First Look: Harbinger

Above: At Harbinger, the dish Spring’s Fresh Spinach offers multiple delights, including “mushroom bacon.” Photo: Byron C. Jones Photography

— By Wini Moranville —

Harbinger’s bar is well stocked, but food is the star of the show. Photo: Byron C. Jones Photography

Harbinger, the new restaurant created by Jason Simon and Joe Tripp (owner and former executive chef of Alba, respectively), is now open. I’ll cut to the chase: You’ll want to make a reservation ASAP. I predict this snug spot will make a big splash and will likely be jampacked for weeks to come.

The rustic New American overhaul of the former Bistro Montage space will, I hope, help straighten out a common misconception about the place: People, this is not an Asian restaurant.

Yes, Tripp’s flavor patterns are unmistakably inspired by his culinary journeys to Southeast Asia; words like yakitori, nam jim and yuzu kocho pervade the menu. But the highly original food here should not be viewed through the lens of your favorite Thai or Vietnamese spot. You’d be missing the point.

Rather, the focus is on New American food. The ingredients, as locally purveyed as possible, come first, and seasonality stars on every plate. On a recent soft-opening visit, spring’s vibrancy shined in the asparagus, spring garlic, ramps, alliums, fava beans and the earliest leaves of locally grown spinach.

One standout, among many, was a dish called Spring’s First Spinach. The crinkly leaves arrived slick, lightly wilted and sparkling green, with a scattering of sautéed mushrooms, all sunny-ed up by a soft-cooked egg yolk. The plate was garnished with this crazy-amazing thing called “mushroom bacon” — thin, brittle planks of flattened mushrooms that ate like crisp bacon but tasted intensely like the woodsy mushrooms they were. A soy-ginger vinaigrette may be where the Asian angle comes in, but it wasn’t the point. Spring in Iowa, with all its surprises and exuberance, was the point.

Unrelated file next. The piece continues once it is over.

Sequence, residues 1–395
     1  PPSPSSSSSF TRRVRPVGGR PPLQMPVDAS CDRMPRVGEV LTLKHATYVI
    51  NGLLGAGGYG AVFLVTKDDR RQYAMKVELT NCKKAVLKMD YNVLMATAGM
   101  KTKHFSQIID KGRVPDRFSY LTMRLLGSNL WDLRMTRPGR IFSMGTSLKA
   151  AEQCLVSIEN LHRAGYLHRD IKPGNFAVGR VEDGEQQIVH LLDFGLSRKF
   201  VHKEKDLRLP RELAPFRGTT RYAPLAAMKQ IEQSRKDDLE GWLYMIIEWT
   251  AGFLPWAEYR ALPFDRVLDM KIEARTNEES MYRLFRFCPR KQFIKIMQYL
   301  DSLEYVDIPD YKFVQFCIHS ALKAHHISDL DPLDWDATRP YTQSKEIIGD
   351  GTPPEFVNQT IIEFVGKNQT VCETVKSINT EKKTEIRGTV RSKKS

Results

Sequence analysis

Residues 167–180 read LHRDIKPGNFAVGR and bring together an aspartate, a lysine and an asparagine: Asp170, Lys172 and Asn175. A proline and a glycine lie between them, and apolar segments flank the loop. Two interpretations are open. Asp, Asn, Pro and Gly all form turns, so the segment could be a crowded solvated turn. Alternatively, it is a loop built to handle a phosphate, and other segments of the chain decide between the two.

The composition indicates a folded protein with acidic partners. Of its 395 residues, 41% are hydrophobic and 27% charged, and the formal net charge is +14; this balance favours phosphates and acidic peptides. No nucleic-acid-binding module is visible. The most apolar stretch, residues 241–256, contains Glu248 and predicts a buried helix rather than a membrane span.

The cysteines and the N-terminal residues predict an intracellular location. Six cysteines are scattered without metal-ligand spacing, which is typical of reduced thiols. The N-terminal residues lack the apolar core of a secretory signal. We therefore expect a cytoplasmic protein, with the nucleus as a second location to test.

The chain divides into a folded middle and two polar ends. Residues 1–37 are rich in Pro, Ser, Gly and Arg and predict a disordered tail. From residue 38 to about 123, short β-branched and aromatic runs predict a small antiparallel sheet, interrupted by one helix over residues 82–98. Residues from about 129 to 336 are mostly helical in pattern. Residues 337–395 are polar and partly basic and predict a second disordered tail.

Our table of four tasted through almost the entire menu of small plates, and dish after dish brought such inventive, finely detailed, unmistakably fresh and seasonal food. The prices and portions of these small plates — most priced under $16 — invite you to eat in courses. I suggest choosing a couple of veggie-centric options to start with, then moving on to a heartier plate, such as heritage chicken, beef strip loin or pork belly.

Harbinger is at 2724 Ingersoll Ave.; 515-244-1314. On Facebook: Harbinger Des Moines.

Wini Moranville covers food and dining for dsm. Follow her at All Things Food – DSM Wini Moranville.

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